On Saturday, the doctor came in and after talking to us asked Derek if he wanted him to remove his breakfast tray, which was at the bottom of his bed.  Derek's response?  "Please, so I can stretch my legs."

Derek also loves burping his colostomy bag.  Derek was always a very gassy individual, and that has not changed.  In the elevator the other day, Derek burped the bag and sent Krystina and I gasping for the door.  His belly laugh was the best I've heard in a long time.

While in his wheelchair, he pulled a speeding 360 in the Main Lobby (formerly the Quarter Deck), in front of two sailors who hooted and hollered for him.  He is a maniac in that thing!

This is not an easy journey, but with wonderful people around us and the support of our family, we are making it.  The stress at times becomes overwhelming, and I actually felt like I was at the end of my coping ability on Saturday morning, but a wonderful corpsman, Dennis, helped me through.  How?  Just by talking to me and by making sure Derek had a nurse who knew him. 

Continuity of care is so important.  Derek has so much going on, I just do not have the energy to get a nurse who is not familiar with him up to speed, especially in light of the fact that he might be moving to PM&R tomorrow, which is a whole new set of doctors.  Trauma will still be on board, but PM&R will be taking over as primary.  Having to get a new team of doctors up-to-date is an overwhelming thought.  It didn't go very well the one day they were onboard, so this has me very nervous.

I took Dr. West's advice last week and asked that the PM&R team visit daily so that it would not be a cold transfer, and they listened and started coming around.  Sometimes, Dr. W has some good hints.  He does seem to care, even though he is hard to read with his dry sense of humor.  He actually showed up early Friday morning so as not to miss me.  I had sent him an email about something, and I had never done that before.  He was concerned that he had upset me.  He hadn't.  I just sent him an email to clarify a question that I didn't think I answered fully the day before, and since Krystina and I were going to try to go to lunch, I didn't want to miss him.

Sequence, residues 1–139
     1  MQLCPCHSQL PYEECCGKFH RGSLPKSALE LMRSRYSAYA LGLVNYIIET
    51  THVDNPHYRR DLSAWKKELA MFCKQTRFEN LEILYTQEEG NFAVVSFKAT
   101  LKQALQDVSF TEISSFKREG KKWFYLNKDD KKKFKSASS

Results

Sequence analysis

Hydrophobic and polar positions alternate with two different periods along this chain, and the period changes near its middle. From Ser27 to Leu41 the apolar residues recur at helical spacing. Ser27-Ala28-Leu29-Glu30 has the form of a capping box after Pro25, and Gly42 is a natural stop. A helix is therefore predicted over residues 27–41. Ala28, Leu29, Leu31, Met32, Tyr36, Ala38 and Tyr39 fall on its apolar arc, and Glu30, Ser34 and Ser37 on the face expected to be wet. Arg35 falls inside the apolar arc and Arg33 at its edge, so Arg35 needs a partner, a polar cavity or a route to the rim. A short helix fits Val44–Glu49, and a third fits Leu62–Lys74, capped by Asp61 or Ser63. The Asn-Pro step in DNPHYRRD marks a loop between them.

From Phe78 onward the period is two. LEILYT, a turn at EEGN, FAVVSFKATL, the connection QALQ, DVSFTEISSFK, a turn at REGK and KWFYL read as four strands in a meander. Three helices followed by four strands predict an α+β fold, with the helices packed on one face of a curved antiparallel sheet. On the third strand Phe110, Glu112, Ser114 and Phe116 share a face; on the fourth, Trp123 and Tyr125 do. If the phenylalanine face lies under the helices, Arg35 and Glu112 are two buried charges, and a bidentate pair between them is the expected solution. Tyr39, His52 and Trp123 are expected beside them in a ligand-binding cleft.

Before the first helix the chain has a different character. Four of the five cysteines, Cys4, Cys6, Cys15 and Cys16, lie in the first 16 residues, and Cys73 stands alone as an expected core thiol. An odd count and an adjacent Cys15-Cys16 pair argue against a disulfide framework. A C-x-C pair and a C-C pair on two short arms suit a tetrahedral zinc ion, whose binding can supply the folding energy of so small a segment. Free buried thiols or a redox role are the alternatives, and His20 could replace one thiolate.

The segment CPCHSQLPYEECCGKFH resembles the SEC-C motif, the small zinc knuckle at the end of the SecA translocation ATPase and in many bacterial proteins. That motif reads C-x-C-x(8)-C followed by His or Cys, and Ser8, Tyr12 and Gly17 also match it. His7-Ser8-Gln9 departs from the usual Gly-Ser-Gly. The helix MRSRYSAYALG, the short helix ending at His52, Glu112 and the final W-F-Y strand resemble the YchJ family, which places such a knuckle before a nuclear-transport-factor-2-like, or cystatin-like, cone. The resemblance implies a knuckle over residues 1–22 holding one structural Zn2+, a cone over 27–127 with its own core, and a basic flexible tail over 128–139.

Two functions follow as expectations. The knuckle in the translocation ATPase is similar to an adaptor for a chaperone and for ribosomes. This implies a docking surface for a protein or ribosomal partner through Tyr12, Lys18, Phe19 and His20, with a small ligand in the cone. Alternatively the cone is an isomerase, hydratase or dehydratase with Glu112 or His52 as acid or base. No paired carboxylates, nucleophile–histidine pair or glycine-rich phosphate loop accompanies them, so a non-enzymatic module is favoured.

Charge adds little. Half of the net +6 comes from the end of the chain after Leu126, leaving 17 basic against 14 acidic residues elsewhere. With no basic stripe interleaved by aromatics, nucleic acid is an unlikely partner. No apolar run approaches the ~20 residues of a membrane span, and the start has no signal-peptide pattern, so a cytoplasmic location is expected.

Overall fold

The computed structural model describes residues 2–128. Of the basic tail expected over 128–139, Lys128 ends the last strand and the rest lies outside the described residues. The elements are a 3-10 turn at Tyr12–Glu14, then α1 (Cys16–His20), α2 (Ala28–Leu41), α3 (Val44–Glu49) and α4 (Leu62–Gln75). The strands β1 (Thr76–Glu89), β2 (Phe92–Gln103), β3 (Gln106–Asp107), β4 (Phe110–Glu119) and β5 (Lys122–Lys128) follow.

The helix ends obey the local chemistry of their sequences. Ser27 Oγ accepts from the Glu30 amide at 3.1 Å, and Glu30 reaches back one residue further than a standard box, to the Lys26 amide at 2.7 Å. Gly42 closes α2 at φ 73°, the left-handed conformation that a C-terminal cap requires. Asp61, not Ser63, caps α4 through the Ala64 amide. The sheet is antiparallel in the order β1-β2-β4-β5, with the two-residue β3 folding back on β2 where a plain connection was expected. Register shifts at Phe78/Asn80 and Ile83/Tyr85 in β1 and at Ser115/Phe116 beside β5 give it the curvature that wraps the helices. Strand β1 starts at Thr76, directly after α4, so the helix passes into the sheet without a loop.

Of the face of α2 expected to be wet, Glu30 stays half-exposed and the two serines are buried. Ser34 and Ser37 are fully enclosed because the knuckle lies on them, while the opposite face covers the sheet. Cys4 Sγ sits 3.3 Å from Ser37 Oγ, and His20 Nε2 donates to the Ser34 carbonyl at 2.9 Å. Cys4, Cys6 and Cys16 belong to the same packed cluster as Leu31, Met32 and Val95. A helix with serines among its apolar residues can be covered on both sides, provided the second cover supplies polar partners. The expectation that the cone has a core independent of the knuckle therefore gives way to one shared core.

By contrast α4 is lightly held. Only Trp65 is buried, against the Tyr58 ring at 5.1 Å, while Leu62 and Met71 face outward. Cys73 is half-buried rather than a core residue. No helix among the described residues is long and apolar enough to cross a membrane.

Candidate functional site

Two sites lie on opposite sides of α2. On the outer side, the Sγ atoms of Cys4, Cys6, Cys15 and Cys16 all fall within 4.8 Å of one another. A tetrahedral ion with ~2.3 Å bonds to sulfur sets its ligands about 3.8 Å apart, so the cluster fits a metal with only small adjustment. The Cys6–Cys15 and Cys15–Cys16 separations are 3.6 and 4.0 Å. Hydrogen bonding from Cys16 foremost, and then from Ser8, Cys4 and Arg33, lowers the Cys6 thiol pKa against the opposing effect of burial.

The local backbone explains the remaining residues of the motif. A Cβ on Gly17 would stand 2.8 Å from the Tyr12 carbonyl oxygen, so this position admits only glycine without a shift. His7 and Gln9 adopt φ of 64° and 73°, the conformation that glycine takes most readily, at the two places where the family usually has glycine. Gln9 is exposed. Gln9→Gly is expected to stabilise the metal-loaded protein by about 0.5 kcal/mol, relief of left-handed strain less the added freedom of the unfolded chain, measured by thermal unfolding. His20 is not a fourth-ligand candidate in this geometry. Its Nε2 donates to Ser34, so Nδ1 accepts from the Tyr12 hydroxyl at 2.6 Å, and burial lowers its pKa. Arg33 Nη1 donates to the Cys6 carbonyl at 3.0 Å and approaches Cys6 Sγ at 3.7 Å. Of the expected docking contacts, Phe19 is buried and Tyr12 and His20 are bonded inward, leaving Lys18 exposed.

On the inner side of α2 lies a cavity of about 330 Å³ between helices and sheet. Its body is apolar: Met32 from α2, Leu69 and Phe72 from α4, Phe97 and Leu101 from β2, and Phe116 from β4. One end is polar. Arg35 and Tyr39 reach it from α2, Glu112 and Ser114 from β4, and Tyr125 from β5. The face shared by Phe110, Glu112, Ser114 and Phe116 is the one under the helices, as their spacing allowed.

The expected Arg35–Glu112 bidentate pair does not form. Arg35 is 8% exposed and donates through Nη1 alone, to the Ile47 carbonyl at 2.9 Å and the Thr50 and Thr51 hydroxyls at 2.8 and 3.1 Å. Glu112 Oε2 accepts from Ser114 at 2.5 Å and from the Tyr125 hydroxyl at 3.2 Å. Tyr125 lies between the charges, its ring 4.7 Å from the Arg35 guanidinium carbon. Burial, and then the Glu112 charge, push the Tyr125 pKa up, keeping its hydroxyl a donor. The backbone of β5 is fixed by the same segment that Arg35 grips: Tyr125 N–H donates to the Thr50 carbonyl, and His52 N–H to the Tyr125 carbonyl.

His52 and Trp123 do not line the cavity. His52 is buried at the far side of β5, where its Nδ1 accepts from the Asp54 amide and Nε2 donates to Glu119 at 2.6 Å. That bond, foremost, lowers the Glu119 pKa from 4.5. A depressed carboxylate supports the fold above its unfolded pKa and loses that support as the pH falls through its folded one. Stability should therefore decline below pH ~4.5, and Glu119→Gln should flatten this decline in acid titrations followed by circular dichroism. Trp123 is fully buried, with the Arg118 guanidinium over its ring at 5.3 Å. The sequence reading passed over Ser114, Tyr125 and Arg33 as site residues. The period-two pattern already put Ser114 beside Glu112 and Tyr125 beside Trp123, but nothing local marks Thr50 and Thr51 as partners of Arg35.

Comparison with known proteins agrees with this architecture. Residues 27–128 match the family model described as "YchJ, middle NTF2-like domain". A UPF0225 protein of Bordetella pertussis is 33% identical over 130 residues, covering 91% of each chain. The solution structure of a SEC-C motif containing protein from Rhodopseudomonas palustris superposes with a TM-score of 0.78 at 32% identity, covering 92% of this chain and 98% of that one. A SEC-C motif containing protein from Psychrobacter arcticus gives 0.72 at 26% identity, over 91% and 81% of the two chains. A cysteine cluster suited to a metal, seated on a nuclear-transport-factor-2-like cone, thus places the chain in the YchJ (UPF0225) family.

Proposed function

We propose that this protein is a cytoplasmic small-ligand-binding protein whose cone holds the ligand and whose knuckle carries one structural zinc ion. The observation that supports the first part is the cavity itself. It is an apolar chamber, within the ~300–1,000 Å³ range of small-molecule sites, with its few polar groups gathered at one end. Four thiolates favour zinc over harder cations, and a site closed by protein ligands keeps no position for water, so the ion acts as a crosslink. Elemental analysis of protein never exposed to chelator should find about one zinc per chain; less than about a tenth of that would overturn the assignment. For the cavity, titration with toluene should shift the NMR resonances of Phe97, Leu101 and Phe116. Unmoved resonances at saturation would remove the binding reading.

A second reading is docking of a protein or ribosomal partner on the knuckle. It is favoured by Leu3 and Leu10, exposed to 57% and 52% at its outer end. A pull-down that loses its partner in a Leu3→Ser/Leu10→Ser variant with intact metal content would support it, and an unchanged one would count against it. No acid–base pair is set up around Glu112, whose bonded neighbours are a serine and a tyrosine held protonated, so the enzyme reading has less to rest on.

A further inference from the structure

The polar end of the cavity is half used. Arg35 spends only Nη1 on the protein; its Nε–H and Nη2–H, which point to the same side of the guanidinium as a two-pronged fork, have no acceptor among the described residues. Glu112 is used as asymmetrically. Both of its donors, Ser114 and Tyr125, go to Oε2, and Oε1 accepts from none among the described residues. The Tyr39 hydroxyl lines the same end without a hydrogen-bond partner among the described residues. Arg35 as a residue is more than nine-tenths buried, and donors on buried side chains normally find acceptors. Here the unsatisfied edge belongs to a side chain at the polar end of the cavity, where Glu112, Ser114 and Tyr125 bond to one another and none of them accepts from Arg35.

Saturday wasn't that bad, for only the second time since we arrived.  After I cleared up the nursing issue, it went okay.  There was an idiot SOD on during the day, but the night doc was wonderful and took care of the issue.  The nursing problem?  A nurse I didn't know came up to me and simply said, "I'm his nurse today.  Be right back."  Then she woke Derek to tell him she was his nurse.  No name.  No introduction.  And no reason to have awoken him.  Just, "I'm your nurse."  I don't think so.  She had also come in to hang the magnesium at that point without telling us what she was doing and seemed put off when I asked.  Why wake Derek if not to tell him what you are doing?  I really don't think so.  I was too tired to deal with it that day.  Since she was partnered with a nurse who actually knew Derek, I asked that they be switched.  It really is easier than having to explain everything that is going on, how he likes to move, how to get him into the wheelchair, and all the other little nuances that make Derek Derek.  This new nurse could have been wonderful, but I was just too tired to deal with it, especially after the bad taste left by the initial interaction.

Derek is more comfortable when he has someone he knows, and so am I.  I can see it in his whole attitude.  When it is a nurse he doesn't know, or a corpsman with whom he does not feel comfortable, he is quiet and reserved.  This isn't the Derek we know and love.  Our Derek is loud and a real jokester.  Singing "Wiggle It" while being wiped down, asking, "Where my dolla bills at?" when having his shirt removed, and telling Katie she is one of his "big bootie bitches," is what we want to hear.  If I thought for a second he was being disrespectful, or if the staff was put off by it, I would discuss it with him, but they seem to love it.  Laughter is what we want to hear coming from his room.

We ended up having a lot of fun this weekend, Derek, Krystina and me, and fooling around with the corpsmen is always a blast, even when one grabs my wrist too hard while wrestling and bruises it.  I used that to my advance!

So, we are moving onward and upward and making progress again after the setback last week.  Here's to no more setbacks and continued progress!

God bless!